By Yasin Ebrahim
Investing.com – The S&P 500 slumped Thursday to snap a seven-month win streak as progress by lawmakers to avoid a government shutdown failed to stoke investor appetite to buy the dip.
The fell 1.2%, the fell 1.6%, or 547 points, the Nasdaq was down 0.44%.
The House backed a short-term appropriations bill, passed earlier in the Senate, to keep the government running through Dec. 3. President Joe Biden is expected to sign the bill and avoid a government shutdown.
But the drama on Capitol Hill will renew as lawmakers remain at a stalemate over plans to raise the debt ceiling, to avoid the U.S. government defaulting on its obligations by Oct. 18. The prospect of another wave of fiscal spending took a hit, meanwhile, as Sen. Joe Manchin, whose vote is needed for the Democrats to pass their multi-trillion spending package without Republican support, is believed to support a $1.5 trillion reconciliation package, about $2 trillion short of proposed $3.5 trillion package.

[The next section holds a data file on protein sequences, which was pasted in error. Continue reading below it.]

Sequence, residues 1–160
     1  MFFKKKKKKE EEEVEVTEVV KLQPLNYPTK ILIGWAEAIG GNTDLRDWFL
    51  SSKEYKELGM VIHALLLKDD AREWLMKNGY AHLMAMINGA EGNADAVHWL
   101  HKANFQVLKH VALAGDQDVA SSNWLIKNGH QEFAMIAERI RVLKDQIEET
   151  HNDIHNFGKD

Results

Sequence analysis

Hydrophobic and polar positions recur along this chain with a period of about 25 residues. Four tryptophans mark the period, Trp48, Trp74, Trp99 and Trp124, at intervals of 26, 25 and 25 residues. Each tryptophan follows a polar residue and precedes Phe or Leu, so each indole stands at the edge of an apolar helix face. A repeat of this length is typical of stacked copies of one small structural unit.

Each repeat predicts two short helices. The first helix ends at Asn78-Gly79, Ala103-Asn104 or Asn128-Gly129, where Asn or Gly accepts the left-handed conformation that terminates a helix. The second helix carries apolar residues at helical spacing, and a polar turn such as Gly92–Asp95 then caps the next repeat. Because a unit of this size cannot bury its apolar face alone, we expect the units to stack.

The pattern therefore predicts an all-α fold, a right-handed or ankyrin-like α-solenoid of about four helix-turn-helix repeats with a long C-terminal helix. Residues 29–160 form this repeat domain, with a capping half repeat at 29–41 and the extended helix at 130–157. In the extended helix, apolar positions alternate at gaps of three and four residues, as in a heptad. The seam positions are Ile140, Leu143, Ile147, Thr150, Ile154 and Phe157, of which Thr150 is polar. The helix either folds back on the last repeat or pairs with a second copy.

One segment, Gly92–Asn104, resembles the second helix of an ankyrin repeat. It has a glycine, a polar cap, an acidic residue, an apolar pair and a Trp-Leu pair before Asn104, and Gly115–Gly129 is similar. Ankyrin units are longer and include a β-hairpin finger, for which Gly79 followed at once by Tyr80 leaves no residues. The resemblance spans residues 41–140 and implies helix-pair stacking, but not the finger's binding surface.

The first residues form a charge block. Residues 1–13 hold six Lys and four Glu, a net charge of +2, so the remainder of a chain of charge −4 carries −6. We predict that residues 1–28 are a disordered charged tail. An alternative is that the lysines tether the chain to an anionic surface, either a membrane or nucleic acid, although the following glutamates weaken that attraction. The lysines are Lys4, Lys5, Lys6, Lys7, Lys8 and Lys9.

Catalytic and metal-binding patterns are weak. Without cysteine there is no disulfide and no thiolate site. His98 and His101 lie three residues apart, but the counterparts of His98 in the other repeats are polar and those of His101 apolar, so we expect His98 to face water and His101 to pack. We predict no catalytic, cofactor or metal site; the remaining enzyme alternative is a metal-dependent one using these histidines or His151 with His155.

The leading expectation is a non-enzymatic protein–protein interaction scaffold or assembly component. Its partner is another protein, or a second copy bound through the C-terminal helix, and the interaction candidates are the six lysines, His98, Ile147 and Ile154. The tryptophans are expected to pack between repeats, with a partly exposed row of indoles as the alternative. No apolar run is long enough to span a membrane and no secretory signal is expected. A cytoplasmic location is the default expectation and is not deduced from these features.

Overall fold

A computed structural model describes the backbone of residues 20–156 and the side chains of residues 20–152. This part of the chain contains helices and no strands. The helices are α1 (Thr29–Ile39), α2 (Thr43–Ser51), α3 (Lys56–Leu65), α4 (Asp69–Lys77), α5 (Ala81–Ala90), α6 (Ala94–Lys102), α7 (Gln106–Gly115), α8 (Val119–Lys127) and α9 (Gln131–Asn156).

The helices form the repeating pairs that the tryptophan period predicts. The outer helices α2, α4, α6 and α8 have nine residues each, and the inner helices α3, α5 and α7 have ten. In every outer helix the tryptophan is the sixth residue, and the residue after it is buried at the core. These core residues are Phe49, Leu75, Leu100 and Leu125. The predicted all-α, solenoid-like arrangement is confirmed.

As well as uncertainty over developments in Washington, economic data showing a third-weekly rise in jobless claims stoked fears about a slowing recovery in the job market and weighed on sentiment.
In the week ended Sept. 25, jobless claims rose by 11,000 to 362,000, missing economists’ expectations for a fall to 330,000.
Cyclical stocks – those that moved in tandem with the economy – were the worst performing as financial, industrials and energy traded in the red.
Energy, which is set to end the month positive, was also dragged lower by falling oil prices following data on Wednesday showing an increase in US stocks as production normalized.
“US crude oil production grew by another 500,000 barrels per day week-on-week to reach 11.1 million barrels per day, which can be seen as a normalization following the hurricane-related outages,” Commerzbank (DE:) said.
Against the backdrop of ongoing political drama, investor sentiment continues to be challenged and weighed on the broader market as tech gave up some on its intraday gains.
Apple (NASDAQ:), Microsoft (NASDAQ:), Amazon.com (NASDAQ:), Facebook (NASDAQ:) and Alphabet (NASDAQ:) the so-called Fab 5, which make up for about 25% of the S&P 500, were lower.
The struggles in tech come even as the appreciation in Treasury yields took a breather, though the 10-year yield continued to trend above 1.5%.
On the earnings front, Bed, Bath, & Beyond, Inc. (BBBY) fell 22% after reporting second-quarter earnings of $0.04 that fell well short of Wall Street expectations.
CarMax (NYSE:), meanwhile, also reported quarterly results that fell short on the bottom line, sending its shares 11% lower.